The highest risk of bias stemmed from the flow of patients within each study because of an uneven application of the reference test (differential verification bias).

The dispersion of studies in the ROC plane suggests marked heterogeneity.
The 95% CI of the overall effect indicates a sensitivity of approximately 80% to 90% and a specificity of 70% to 90%.

Accuracy of Lung Ultrasonography in the Diagnosis of Pneumonia in Adults: Systematic Review and Meta-Analysis – Ana M. Llamas-Álvarez, MD; Eva M. Tenza-Lozano, MD; and Jaime Latour-Pérez, MD, PhD; . Chest 2017; 151(2):374-382

Flea Bytes: Antibiotics or Surgery for Spinal Epidural Abscess

Baseline rates of treatment failure have varied in studies and rates have ranged from 8.5 to 17% in the best case scenarios to 43-75% in other studies. So even at baseline, we know that a significant number of patients will fail antibiotics and require surgery. Risk factors include diabetes mellitus, leukocytosis greater than 12.5, positive blood cultures, and C-reactive protein greater than 115. One risk factor increases failure rates for to 35.4%, two risk factors increases failure to 40.2%, and three or more risk factors increases failure rates to 76.9%.

So basically, most patients should ideally managed with surgery and barring that we should advocate for surgery in patients who have risk factors. 

Flea Bytes: Duration of Antibiotics for Intra-abdominal Abscess

STOP-IT trial: In patients with intraabdominal infections WITH source control, outcomes were similar between fixed duration (4 days) vs. duration guided by clinical improvement – 2 days after the resolution of fever, leukocytosis, and ileus (mean 8 days). Both intention to treat and per-protocol analysis found no difference. However, the study was terminated early due to funding, and only enrolled half the intended patients.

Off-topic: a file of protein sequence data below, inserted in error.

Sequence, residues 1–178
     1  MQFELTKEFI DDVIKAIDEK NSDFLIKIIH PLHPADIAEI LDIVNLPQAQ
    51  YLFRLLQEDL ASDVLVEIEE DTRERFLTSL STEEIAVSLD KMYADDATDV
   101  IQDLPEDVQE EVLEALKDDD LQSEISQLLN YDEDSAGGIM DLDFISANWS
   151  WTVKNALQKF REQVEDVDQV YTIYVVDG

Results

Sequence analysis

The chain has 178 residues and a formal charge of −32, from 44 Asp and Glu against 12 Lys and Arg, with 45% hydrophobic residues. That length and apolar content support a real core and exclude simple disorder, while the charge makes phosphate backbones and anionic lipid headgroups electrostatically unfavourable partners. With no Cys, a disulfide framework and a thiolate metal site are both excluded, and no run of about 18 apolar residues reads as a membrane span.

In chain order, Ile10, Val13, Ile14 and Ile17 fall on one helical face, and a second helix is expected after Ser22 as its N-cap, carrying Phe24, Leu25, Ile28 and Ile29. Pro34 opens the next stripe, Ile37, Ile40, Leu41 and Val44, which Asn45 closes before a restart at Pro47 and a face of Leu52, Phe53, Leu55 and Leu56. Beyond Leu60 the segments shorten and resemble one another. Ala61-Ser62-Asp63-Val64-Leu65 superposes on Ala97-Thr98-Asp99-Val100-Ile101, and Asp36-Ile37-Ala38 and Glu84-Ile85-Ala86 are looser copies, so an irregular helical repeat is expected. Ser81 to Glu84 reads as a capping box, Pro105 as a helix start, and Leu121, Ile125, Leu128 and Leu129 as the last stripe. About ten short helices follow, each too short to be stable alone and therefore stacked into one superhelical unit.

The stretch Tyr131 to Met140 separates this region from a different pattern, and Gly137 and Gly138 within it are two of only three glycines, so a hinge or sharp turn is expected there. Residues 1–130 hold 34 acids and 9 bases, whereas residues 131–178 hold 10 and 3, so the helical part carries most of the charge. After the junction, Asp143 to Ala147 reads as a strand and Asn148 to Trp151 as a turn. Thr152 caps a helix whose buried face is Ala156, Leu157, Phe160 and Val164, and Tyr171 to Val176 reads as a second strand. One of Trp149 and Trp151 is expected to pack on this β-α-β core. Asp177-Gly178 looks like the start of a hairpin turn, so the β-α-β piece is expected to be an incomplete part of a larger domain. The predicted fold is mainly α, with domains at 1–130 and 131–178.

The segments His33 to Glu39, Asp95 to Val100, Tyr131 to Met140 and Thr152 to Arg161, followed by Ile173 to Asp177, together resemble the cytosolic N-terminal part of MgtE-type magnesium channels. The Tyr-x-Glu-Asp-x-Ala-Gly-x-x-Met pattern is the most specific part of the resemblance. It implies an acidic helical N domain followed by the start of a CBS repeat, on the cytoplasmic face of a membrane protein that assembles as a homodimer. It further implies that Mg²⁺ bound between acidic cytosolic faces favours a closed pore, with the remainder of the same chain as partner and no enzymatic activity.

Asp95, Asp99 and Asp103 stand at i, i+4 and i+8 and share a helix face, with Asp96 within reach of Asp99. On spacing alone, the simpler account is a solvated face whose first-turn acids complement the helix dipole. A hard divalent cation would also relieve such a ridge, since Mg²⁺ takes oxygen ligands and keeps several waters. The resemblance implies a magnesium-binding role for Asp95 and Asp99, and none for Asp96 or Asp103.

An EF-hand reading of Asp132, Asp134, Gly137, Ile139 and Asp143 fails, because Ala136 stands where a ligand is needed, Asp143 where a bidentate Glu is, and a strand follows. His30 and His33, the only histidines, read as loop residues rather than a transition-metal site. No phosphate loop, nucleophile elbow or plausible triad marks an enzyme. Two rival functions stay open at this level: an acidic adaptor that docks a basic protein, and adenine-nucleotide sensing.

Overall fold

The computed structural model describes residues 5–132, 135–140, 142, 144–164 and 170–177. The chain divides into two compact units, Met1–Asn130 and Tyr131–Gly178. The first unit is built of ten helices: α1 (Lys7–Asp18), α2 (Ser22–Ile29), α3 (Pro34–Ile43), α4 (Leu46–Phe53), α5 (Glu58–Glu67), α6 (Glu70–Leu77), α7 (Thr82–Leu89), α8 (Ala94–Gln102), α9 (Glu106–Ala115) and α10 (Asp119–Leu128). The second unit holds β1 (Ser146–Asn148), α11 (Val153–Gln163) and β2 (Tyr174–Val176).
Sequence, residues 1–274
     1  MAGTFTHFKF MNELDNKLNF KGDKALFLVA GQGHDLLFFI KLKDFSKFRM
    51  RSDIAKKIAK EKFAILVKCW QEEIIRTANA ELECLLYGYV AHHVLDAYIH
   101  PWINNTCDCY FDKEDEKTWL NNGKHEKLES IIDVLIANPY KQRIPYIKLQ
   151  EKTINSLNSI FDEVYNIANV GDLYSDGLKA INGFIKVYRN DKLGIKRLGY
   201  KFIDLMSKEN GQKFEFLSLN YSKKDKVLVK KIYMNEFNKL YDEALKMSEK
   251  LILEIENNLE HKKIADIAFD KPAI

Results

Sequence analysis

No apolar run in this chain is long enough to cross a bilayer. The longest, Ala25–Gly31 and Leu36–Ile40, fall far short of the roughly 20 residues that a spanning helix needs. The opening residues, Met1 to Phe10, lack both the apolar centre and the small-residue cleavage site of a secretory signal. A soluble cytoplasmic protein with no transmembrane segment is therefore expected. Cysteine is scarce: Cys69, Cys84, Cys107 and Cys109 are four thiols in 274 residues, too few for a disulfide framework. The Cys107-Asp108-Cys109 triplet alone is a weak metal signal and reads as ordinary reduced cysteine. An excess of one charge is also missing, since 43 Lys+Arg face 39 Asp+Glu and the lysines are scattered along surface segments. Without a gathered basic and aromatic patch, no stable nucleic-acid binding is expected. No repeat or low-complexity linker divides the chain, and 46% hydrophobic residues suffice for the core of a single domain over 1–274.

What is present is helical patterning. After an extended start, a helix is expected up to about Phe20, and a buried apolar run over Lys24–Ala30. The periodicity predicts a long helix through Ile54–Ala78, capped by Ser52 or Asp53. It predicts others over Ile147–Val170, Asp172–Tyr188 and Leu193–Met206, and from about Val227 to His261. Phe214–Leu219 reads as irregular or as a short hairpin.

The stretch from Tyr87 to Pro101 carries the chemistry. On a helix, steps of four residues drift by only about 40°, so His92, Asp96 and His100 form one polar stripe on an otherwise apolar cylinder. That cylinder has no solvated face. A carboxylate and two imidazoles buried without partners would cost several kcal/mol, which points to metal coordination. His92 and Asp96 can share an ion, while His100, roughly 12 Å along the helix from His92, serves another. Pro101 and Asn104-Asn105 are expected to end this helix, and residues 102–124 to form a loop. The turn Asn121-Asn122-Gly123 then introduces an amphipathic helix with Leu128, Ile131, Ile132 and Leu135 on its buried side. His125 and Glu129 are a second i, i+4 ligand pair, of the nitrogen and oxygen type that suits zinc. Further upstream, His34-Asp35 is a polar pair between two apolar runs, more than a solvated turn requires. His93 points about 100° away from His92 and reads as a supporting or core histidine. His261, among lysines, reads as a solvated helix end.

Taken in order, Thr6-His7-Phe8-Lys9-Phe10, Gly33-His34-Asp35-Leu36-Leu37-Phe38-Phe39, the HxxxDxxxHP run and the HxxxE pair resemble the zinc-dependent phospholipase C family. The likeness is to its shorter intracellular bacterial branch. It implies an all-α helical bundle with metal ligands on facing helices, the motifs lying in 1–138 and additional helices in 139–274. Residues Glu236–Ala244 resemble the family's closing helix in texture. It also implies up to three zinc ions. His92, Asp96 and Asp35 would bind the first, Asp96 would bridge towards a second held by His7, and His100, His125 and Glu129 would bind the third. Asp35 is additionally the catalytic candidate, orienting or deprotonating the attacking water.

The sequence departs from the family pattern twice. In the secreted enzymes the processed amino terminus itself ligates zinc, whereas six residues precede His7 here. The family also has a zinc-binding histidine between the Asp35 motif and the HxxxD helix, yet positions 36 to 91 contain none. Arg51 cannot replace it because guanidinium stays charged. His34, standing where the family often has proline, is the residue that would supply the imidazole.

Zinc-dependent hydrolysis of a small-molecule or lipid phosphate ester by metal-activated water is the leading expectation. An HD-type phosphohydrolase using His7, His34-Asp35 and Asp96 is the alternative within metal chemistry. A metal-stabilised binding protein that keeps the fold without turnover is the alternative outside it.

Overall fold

N Engl J Med 2015;372:1996-2005

Tidings from the Citadel: Duration of therapy for vertebral body osteomyelitis

6 weeks of antibiotic treatment is not inferior to 12 weeks of antibiotic treatment for clinical cure at 1 year in pyogenic vertebral osteomyelitis.

This was a study where the attending decided which antibiotic to prescribe. Some concerns of bias were allayed by the similar antibiotic prescription between the 2 groups. Clinical cure was defined as the absence of fever, pain, and inflammatory syndrome at 1 y after treatment. 19% of patients were lost to follow up. Only 18% of patients had MRSA, in some centers this number is much higher, so keep that in mind when using the results of this study. The authors found similar rates of clinical cure, clinical cure + alive, and clinical cure without needing more antibiotics. Adverse events rate were similar between the groups. Thus they deemed 6 weeks non-inferior to 12 weeks.

This was a pragmatic study design with adequate retention of participants. Similar antibiotics were prescribed and the adjudicators were blinded. It seems logical that fewer antibiotics would lead to cost savings and decrease drug resistance (though this study did not show either), 6 weeks of antibiotics is typical unless there are compelling reasons otherwise.

Antibiotic treatment for 6 weeks versus 12 weeks in patients with pyogenic vertebral osteomyelitis: an open-label, non-inferiority, randomised, controlled trial. Bernard, Louis et al. The Lancet , Volume 385 , Issue 9971 , 875 – 882. 7 March 2015


Flea Bytes: Hospital Acquired Pneumonia (HAP)

  • Definition: pneumonia that occurs 48 hours or more after admission and did not appear to be incubating at the time of admission.
  • HCAP Removed because many patients who met criteria were in fact not at increased risk for multi-drug resistant organisms, MDROs
  • Recommended antibiotics: anti-pseudomonal +/- double pseudomonal coverage +/- MRSA coverage
  • MRSA Risks: abx use IV abx in past 90 days, unit where prevalence of MRSA among S. aureus isolates is not known or >20%. No recommendations regarding use of MRSA swab to guide need for MRSA coverage.
  • Non-invasive Sputum cultures recommended to guide therapy
  • Duration: 7 days
  • New CAP guidelines (to include patients from nursing homes) are pending.